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Four kids under four – a kind of magical madness

by | Jun 7, 2020

When you’re in the parenting trenches with young children, it’s easy to get wrapped up in the chaos of it all. The Dad Dude, AKA Terran Nirvana Williams, shares the seven glimpses of hope that help keep him sane.

Parenting toddlers is a challenge

In my experience, parents of kids aged four and under are in crisis. They’re undergoing a slow-motion trauma. Just yesterday, a granddad told me, “Finally my grandkids are all aged five and up. It brings with it a multi-layered pain and strain that is simultaneously:

  • Physical: There’s exhaustion, sleeplessness and sickness.
  • Financial: The skyrocketing costs of food, medicine, accessories, maybe a new home, and myriad of hidden costs lead to the monthly experience of sinking – when there’s more month at the end of your money, especially if child-rearing called for a transition from DINK (double income, no kids) to SINC (single income, no cash).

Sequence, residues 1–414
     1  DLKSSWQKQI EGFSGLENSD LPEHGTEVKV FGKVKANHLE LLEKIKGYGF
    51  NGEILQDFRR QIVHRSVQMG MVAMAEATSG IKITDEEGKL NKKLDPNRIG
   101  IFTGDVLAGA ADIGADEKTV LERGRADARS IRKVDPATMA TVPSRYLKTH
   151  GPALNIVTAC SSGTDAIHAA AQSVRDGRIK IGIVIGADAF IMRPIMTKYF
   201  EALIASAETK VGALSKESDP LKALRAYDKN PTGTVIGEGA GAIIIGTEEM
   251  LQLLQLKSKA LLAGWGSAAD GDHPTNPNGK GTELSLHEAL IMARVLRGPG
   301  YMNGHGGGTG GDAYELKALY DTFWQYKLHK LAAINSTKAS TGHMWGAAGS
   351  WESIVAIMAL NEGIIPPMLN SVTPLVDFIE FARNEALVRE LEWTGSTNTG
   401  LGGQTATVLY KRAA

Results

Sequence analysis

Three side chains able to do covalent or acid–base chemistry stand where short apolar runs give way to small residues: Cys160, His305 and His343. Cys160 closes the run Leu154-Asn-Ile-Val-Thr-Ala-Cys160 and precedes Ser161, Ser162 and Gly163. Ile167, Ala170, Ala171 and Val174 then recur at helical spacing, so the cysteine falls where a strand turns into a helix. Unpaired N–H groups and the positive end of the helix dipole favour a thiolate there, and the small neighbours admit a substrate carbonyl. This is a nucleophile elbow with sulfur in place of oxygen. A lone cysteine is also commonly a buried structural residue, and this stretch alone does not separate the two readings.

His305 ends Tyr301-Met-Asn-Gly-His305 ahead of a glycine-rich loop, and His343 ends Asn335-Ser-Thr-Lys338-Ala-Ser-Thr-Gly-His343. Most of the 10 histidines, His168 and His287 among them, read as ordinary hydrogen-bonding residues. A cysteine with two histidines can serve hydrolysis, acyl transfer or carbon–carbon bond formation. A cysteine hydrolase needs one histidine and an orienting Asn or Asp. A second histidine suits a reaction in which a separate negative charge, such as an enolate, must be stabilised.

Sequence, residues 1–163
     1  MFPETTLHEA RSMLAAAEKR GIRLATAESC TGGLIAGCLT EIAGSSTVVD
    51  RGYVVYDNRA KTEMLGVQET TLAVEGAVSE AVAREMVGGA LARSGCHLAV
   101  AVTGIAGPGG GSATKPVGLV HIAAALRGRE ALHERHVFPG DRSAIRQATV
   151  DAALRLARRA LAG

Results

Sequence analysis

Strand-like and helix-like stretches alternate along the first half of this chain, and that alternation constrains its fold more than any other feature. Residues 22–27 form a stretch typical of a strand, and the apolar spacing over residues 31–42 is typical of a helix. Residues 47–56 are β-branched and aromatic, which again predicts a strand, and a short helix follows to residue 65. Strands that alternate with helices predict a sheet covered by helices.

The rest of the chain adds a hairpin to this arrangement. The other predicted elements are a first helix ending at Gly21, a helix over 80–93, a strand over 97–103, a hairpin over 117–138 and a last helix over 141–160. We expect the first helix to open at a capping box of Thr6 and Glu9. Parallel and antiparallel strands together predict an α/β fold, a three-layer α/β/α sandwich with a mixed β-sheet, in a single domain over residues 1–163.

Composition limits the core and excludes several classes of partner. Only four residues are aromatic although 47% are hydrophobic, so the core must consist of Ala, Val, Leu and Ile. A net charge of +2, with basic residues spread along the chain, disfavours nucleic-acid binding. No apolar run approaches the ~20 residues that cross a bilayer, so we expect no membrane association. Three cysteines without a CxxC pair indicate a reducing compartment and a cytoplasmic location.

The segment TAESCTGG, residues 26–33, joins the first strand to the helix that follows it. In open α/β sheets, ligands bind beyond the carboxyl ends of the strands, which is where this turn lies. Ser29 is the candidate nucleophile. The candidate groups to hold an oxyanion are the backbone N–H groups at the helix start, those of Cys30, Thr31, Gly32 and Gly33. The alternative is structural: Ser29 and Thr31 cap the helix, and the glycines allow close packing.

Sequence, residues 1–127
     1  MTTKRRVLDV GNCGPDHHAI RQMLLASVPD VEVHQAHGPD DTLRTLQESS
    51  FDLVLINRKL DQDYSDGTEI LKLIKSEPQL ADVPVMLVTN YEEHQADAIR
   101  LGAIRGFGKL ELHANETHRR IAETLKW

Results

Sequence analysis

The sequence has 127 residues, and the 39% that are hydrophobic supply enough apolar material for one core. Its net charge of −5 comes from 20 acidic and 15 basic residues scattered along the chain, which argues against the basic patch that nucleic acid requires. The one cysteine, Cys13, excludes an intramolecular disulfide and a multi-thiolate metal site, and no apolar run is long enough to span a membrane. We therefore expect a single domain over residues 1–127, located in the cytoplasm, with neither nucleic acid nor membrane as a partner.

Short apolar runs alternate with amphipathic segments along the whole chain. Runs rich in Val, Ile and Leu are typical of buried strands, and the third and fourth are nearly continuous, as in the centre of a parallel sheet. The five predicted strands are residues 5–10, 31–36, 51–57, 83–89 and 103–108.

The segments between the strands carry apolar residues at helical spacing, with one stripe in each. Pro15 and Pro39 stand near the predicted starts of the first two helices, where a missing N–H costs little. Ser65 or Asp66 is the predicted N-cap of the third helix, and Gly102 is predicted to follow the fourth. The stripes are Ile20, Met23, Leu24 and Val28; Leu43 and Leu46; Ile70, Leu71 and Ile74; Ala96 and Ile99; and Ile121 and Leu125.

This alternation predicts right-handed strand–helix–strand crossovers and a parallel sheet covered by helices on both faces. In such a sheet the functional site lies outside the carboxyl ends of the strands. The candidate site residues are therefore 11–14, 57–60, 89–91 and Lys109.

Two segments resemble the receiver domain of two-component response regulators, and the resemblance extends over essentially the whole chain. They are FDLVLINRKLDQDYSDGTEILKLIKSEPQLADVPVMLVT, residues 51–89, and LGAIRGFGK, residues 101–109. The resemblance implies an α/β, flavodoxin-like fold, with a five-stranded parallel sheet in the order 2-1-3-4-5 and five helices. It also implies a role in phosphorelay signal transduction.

• Marital: As stress increases and energy decreases there’s less libido, less time and attention for each other, more bickering and blaming – all of which is deleterious to marriage health.
  • Social: Few friendships go forward, most either go backwards or are at best merely maintained.
  • Spiritual: If you’re spiritually orientated, maybe you can relate – the stress and pressure tends to erode the space to reflect and read that are essential to a vital relationship with one’s maker.
  • Professional: When home is stressful, we bring the bluntest version of ourselves to work.
  • Logistical: There’s a typhoon-hit house and all the prep time needed to leave the house (add 30 minutes for each child) – but why bother going anywhere, when few outings can possibly give us more energy than they consume?’
  • Emotional: The cocktail-mix of these pains and strains leads to a toxic froth of negative emotions, such as feelings of being bedraggled, empty, discouraged, frustrated, overwhelmed and inadequate. Our kids’ volatile emotions also tend to activate our own.